Date of Award

Spring 5-8-2020

Level of Access

Open-Access Thesis

Degree Name

Master of Science (MS)

Department

Ecology and Environmental Sciences

Advisor

Katharine Ruskin

Second Committee Member

Maureen Correll

Third Committee Member

Brian Olsen

Additional Committee Members

Marissa Sather

Abstract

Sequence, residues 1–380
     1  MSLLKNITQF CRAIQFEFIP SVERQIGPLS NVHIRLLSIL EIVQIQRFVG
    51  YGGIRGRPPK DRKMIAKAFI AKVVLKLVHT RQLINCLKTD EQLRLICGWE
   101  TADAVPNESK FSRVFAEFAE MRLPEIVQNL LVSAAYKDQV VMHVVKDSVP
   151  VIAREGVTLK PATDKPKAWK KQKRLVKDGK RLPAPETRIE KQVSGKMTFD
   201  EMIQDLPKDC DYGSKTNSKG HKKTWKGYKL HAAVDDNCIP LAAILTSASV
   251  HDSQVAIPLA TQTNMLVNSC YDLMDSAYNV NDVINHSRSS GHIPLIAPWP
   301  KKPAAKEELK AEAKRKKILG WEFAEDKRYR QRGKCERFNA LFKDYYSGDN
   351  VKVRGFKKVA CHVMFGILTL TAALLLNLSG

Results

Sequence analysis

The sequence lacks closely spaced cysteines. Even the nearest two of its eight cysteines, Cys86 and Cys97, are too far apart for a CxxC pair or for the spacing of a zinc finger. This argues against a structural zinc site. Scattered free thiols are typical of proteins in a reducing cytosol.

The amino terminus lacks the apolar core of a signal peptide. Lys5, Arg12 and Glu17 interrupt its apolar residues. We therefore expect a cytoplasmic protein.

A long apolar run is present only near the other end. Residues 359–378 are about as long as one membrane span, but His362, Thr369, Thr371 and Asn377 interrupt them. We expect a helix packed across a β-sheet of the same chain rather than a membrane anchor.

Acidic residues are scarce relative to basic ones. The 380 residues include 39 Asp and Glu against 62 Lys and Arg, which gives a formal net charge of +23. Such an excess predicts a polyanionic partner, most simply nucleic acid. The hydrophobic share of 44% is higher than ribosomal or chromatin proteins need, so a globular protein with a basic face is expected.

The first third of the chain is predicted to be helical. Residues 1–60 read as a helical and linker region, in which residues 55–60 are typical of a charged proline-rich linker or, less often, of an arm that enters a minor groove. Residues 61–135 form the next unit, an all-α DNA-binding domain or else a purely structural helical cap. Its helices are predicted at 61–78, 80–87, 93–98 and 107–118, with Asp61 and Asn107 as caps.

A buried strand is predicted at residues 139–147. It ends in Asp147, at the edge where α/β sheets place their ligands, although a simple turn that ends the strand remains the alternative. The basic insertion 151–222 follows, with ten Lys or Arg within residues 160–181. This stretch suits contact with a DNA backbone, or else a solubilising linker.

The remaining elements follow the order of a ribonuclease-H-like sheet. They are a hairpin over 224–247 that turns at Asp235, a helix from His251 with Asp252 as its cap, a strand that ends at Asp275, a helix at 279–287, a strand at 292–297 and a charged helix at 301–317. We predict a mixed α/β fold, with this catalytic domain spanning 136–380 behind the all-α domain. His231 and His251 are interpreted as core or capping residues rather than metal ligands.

Grassland birds are declining precipitously in North America. Many grassland birds use the Northern Great Plains during their reproductive cycle, where much of their breeding habitat has been converted for agricultural use. Grassland landscapes that remain are sustained by management routines. Understanding habitat conditions that support multiple life stages throughout the entire reproductive cycle is essential for developing effective management strategies to lessen and reverse population declines in grassland bird populations. However, there is limited knowledge for habitat selection in grassland specialists, especially during the post-fledging stage. To address this information gap and to better inform managers with information than can support grassland birds during their breeding season, we measured habitat selection in both adults and juveniles of grassland bird specialized to the Northern Great Plains. We characterized nest site selection in four grassland specialists: Baird’s Sparrow (Centronyx bairdii), grasshopper Sparrow (Ammodramus savannarum), chestnut-collared longspur (Calcarius ornatus), and Sprague’s pipit (Anthus spragueii). We also examined habitat use of juveniles in Baird’s and grasshopper sparrows throughout the post-fledging phase using radio-tracking data. We analyzed habitat selection for adults and juveniles with parameters measured from the ground and from spectral data collected via Unmanned Aircraft System (UAS) at juvenile used points, random points, and adult nest sites. We found that adults of all four grassland specialists placed nests in intermediate ranges of vegetation height and density compared with habitat available on the landscape, demonstrating a community-level trend. Nest sites were also characterized by other habitat parameters though varied by species and spatial scales, indicating species-specific habitat selection as well. We found that juvenile birds used habitat that differed from both habitat available on the landscape and from adult nest sites. Particularly, high forb cover was influential for juveniles of both sparrow species and that with age, juveniles of both species moved toward lower elevations and that juvenile Baird’s sparrows moved towards densely vegetated areas (e.g. wetland areas). Additionally, we found that high-resolution Green Normalized Vegetation Index (GNDVI) was an informative habitat parameter for fine-scale habitat selection in grassland specialists and shows promise for UAS as an innovative tool for habitat assessment. Based on our findings, we recommend managers consider both community-level habitat selection to provide habitat that supports a suite of grassland birds and species-specific habitat selection to target particularly threatened species or those experiencing local declines. Further, we recommend consideration of all life stages for grassland birds that breed in the Northern Great Plains when strategizing a habitat management plan, particularly that wetland areas be regarded for the management of Baird’s sparrows.

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